Surrogates who are tempted to forgo their own independent legal counsel should remind themselves of the huge task that they are undertaking, which comes with its own set of risks.  They should also prioritize protecting themselves and their families, should these risks become a reality during the surrogacy process.

Both parties using the same lawyer is a huge conflict of interest.  That lawyer cannot look out for the best interests of the IPs and the surrogate.  Believe it or not the two are not always equal.  Should there be a disagreement, then each party needs to have someone representing them—the same can be said when each party sees a different meaning in a certain clause or part of the contract.
Surrogacy Lawyers
While this move might present to opportunity for the IPs to save thousands of dollars; it presents the opportunity for the surrogate to be taken advantage of—intentionally or unintentionally.  Also, in some areas the contract might not be considered valid unless each party has had their own legal representation prior to agreement.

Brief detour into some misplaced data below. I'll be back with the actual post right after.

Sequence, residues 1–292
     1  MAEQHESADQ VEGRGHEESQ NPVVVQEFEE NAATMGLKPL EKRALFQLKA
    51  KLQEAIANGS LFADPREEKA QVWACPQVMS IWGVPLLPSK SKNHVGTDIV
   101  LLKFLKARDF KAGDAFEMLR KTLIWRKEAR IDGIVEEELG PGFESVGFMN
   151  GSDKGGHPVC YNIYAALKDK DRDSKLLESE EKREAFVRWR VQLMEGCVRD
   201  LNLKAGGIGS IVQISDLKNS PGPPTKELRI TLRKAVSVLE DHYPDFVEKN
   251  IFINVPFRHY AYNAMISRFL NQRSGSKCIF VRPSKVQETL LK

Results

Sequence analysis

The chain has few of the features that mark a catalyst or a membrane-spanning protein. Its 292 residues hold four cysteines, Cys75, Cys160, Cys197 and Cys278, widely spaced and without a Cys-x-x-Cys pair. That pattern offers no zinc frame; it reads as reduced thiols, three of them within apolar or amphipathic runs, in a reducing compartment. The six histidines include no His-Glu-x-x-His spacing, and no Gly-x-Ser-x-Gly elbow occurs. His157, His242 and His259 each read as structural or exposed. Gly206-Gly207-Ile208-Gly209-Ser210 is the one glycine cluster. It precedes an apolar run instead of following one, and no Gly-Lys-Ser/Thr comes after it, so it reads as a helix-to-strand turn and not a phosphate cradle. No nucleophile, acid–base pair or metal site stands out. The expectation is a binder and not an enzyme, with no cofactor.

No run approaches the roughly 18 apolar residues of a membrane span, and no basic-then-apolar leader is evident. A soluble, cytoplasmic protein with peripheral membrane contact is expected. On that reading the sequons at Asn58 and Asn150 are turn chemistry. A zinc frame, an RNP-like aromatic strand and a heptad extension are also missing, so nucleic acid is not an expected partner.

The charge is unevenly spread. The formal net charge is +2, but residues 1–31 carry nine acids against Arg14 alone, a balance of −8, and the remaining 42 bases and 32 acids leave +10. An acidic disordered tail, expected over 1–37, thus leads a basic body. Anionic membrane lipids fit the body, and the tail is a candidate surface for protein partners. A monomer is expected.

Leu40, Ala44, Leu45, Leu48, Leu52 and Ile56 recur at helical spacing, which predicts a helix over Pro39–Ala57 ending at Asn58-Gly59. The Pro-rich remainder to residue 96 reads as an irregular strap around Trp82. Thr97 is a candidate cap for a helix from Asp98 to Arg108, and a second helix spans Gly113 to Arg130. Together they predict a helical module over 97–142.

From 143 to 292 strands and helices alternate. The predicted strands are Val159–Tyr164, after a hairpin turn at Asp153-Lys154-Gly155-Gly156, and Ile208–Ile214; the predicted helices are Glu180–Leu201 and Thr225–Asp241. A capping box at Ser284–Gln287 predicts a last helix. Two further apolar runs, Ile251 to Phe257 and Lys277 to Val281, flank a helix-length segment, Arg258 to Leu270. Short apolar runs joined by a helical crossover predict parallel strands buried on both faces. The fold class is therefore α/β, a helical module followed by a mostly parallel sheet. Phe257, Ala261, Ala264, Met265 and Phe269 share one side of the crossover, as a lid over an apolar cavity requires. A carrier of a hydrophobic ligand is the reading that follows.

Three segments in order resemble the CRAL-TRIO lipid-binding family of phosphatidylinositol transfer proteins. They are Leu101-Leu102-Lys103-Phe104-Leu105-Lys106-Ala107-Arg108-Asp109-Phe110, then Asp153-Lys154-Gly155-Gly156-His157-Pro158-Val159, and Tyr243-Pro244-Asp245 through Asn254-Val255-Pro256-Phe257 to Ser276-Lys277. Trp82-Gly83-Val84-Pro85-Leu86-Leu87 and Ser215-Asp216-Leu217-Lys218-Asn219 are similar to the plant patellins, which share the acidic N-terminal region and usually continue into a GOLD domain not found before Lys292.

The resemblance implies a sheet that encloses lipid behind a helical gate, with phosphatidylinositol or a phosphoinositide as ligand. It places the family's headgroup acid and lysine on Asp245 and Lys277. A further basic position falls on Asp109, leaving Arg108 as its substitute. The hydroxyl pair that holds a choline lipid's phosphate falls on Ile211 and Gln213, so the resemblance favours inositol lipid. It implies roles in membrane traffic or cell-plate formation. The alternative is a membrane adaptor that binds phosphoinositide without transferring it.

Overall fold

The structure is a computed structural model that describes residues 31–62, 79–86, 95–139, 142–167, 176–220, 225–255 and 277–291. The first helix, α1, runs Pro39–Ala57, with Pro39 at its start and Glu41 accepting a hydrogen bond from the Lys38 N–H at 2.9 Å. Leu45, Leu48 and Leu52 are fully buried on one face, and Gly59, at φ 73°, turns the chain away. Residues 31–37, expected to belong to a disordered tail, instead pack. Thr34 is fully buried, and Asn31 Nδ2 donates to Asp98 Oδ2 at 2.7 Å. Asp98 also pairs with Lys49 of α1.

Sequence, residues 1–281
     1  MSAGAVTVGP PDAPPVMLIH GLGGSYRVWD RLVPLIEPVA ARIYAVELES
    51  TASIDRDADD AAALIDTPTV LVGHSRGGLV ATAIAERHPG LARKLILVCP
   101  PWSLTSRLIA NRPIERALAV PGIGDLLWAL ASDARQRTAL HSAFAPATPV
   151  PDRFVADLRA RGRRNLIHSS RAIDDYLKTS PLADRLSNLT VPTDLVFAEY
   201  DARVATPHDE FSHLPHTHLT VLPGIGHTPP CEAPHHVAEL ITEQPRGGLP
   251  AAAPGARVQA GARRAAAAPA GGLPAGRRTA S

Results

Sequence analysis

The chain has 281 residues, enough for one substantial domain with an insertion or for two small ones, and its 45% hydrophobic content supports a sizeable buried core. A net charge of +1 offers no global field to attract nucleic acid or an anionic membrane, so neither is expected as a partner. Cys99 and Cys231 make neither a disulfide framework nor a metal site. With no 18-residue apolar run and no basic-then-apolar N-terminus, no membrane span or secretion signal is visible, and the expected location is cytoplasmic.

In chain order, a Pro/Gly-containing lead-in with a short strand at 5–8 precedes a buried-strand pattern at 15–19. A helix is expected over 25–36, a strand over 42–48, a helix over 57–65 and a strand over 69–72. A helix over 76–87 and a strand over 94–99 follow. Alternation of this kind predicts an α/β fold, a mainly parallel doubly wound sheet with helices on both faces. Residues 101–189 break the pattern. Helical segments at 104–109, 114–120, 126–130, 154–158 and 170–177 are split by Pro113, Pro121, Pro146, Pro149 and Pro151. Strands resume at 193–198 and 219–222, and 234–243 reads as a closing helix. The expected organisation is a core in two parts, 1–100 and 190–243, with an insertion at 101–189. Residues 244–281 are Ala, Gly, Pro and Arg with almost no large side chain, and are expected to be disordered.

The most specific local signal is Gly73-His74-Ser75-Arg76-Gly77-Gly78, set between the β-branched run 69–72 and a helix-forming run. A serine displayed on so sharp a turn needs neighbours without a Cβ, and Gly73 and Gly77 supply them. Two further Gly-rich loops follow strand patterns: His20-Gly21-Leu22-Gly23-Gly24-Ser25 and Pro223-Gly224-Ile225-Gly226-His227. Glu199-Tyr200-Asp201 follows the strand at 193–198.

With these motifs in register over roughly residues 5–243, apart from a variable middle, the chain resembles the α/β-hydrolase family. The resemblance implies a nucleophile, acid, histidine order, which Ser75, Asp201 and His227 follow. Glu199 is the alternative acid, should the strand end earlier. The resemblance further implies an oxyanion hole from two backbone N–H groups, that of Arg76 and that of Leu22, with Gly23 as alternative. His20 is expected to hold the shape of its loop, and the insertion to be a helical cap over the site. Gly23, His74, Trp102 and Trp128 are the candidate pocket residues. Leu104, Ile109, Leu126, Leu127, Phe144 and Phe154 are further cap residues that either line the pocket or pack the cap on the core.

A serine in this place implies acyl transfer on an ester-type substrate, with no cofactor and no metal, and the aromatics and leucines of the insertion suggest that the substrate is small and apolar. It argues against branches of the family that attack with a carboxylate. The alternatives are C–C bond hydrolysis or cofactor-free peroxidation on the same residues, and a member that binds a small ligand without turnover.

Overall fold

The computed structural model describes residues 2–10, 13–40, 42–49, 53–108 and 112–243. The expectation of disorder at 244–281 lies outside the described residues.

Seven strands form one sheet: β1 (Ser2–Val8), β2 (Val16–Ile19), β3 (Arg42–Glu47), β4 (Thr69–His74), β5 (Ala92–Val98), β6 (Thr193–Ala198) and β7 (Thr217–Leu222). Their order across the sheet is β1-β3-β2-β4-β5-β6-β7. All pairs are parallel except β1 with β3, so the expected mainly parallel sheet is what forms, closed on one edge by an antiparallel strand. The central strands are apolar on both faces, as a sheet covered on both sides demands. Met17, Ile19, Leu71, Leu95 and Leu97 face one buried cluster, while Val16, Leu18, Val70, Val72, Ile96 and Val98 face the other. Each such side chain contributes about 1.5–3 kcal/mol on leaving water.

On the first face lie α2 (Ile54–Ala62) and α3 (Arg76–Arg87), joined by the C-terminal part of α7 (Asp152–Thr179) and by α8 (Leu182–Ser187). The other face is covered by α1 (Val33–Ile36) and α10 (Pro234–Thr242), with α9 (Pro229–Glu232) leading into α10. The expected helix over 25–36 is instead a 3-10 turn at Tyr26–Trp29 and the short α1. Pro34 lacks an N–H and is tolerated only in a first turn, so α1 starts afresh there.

Obtaining your own legal counsel—which IPs should still be paying for—means that you have someone offering you advice and looking out for your best interests.  Your lawyer can point out clauses that need to be modified or removed altogether, or she can suggest things you should ask to be added to your contract with the IPs.

Lawyers are always going to have the best interest of the primary client in mind, so using the same lawyer means  you come second to your IPs, regardless of any claims the lawyer or IPs make about equality.

This is not mutually exclusive to surrogacy.  A single lawyer cannot properly represent two different parties in the same case.  You need your own lawyer.